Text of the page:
So, although the Weinstein verdict is important, it is also essential to remember that
sexual violence flows from our violent class society, where women are treated as sexual objects ... Women’s oppression is structured into capitalism and class society - so the battle also needs to be waged for revolutionary transformation.
Bates’s article - which is not even credited to her on the web version, appearing under the editorial ‘What we think’ by-line - has almost nothing remarkable in it, at least for regular readers of the paper. What is remarkable is what is left out. The absence is most marked in one of the sentences we quoted. “The battle against sexist oppression has to continue on the streets, in the trade unions, in the staff room” - indeed so. But what about our political parties and organisations? Such places are discreetly filed under the catch-all ‘everywhere’, along with takeaway queues, football terraces and bothies in the outer Hebrides - which seems rather to understate the relative importance of political organisations to what is a political fight.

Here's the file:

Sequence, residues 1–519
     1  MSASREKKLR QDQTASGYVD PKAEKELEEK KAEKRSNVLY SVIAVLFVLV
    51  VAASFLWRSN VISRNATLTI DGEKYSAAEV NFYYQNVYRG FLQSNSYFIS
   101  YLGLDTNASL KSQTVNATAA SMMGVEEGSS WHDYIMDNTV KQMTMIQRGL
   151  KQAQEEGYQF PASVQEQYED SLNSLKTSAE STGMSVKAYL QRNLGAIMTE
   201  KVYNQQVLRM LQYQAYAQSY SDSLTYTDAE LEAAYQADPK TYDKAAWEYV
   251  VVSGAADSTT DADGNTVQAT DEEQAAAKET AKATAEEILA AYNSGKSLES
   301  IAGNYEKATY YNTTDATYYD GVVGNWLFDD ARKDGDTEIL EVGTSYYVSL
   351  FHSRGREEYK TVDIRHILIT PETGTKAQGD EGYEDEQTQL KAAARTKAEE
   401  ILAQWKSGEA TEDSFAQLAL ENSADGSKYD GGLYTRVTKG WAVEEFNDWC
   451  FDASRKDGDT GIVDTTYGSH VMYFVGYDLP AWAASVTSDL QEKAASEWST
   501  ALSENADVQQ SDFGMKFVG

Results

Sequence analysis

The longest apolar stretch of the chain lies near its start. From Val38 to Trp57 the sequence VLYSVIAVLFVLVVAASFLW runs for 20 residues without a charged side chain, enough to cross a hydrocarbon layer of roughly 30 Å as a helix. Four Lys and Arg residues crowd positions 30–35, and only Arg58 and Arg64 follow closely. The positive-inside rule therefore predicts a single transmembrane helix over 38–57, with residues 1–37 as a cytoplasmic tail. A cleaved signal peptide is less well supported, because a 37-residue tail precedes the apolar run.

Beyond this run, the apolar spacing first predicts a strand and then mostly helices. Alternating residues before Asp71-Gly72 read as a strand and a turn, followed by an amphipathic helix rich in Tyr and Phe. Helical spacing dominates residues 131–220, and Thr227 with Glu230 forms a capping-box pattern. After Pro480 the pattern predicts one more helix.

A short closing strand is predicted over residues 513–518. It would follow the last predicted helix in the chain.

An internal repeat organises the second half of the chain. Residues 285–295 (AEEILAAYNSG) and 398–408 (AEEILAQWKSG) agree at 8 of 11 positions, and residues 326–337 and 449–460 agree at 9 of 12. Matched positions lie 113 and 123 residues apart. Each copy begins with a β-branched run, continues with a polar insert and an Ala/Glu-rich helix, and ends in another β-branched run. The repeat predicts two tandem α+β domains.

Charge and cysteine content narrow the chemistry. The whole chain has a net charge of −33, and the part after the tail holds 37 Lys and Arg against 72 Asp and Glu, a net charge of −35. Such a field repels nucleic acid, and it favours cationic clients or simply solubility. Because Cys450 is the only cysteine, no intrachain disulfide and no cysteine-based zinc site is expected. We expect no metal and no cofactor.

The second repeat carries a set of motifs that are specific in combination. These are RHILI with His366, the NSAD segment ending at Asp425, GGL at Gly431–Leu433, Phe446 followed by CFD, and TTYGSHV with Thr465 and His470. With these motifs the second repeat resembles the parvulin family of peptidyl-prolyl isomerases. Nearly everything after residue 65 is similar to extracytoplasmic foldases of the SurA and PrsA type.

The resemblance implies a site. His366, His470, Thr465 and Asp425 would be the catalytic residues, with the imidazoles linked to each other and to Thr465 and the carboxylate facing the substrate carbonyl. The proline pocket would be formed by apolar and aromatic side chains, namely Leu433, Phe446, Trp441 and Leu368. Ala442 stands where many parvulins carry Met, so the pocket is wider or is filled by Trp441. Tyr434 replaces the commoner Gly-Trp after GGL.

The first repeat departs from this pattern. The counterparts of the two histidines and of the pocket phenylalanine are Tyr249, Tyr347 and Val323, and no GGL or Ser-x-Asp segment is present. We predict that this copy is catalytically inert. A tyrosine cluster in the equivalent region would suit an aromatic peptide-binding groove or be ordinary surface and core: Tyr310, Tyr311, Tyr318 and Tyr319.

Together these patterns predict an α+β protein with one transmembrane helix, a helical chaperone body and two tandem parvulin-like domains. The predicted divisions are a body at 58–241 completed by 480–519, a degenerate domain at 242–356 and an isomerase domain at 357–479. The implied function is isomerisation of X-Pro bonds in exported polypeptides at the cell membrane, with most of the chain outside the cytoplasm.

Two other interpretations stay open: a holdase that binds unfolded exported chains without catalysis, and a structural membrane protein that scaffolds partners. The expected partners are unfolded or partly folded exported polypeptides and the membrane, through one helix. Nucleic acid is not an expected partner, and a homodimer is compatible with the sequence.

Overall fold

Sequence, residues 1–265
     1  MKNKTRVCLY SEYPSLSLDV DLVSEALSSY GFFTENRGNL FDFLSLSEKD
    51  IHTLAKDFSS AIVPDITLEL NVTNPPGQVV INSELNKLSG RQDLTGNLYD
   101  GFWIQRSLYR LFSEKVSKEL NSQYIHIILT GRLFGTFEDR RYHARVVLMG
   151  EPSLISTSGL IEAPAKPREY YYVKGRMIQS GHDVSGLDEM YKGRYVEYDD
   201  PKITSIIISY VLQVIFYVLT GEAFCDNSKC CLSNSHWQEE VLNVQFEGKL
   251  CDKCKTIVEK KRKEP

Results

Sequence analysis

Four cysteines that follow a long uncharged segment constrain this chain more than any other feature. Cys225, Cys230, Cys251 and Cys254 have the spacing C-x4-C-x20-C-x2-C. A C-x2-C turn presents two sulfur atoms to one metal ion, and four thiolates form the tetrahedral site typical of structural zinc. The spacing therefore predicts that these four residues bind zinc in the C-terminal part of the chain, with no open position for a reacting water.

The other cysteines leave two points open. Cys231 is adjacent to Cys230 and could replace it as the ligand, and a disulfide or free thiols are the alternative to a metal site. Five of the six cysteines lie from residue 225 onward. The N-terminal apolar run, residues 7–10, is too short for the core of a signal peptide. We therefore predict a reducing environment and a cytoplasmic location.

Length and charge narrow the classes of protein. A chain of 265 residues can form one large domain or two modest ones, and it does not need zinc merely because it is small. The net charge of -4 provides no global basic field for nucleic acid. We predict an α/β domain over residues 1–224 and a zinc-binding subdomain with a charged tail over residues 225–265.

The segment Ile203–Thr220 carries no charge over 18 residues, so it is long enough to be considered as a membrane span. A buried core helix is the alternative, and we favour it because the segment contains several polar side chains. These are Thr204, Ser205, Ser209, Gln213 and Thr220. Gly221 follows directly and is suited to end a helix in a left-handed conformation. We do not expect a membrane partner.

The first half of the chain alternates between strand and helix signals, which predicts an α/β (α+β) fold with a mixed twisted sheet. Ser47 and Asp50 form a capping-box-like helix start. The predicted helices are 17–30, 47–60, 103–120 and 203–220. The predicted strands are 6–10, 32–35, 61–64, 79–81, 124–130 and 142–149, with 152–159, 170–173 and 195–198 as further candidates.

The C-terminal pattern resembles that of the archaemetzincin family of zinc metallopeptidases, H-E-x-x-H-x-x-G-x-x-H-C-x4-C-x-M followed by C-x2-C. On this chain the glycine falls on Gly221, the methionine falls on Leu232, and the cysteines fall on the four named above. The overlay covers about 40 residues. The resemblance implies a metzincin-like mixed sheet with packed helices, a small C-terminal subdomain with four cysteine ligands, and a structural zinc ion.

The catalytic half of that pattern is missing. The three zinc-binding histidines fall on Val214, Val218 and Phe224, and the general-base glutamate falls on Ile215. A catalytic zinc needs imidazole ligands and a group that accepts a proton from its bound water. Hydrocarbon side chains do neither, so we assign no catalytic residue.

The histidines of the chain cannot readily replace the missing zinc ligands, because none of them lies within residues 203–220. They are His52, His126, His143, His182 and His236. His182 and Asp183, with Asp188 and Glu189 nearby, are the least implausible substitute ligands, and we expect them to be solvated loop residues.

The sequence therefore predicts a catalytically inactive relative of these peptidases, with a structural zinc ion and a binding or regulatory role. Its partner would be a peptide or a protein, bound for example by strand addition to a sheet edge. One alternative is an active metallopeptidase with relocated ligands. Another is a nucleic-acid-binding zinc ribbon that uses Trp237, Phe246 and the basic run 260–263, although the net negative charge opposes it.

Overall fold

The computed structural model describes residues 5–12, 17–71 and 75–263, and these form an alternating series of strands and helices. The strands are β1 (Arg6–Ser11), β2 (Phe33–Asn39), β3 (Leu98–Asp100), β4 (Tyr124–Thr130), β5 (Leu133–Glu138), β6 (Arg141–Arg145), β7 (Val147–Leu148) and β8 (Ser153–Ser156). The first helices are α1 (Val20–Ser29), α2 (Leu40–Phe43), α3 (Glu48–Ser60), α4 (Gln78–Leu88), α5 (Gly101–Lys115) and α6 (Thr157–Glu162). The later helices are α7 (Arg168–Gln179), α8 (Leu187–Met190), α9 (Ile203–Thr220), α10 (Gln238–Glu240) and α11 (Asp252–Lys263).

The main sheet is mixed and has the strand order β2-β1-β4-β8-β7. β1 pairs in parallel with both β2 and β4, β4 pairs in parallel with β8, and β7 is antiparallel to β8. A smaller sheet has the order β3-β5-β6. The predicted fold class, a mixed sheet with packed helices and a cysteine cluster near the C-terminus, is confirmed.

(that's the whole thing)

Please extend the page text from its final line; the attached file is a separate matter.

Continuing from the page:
Few enough will be the readers who think this an accidental oversight. For it was not that long ago that the SWP itself was thrown into crisis by rape allegations it catastrophically mishandled.
It is worth revisiting this territory once more for a couple of reasons. One is merely a matter of setting the record straight. Dozens of #MeToo themed articles have appeared in Socialist Worker, without so much as a passing mention of the SWP’s own vulnerability to similar charges. This exposes either a contempt for its readers, too stupid to notice that the fifth Google search result for ‘socialist workers party’ is, to this day, a Guardian article covering the rape scandal; or an even more disturbing level of self-delusion that it has all blown over and nobody will ever challenge them on it. The second is to expose the wider left’s failure to adequately respond to the question, for all the energy the SWP’s crisis generated.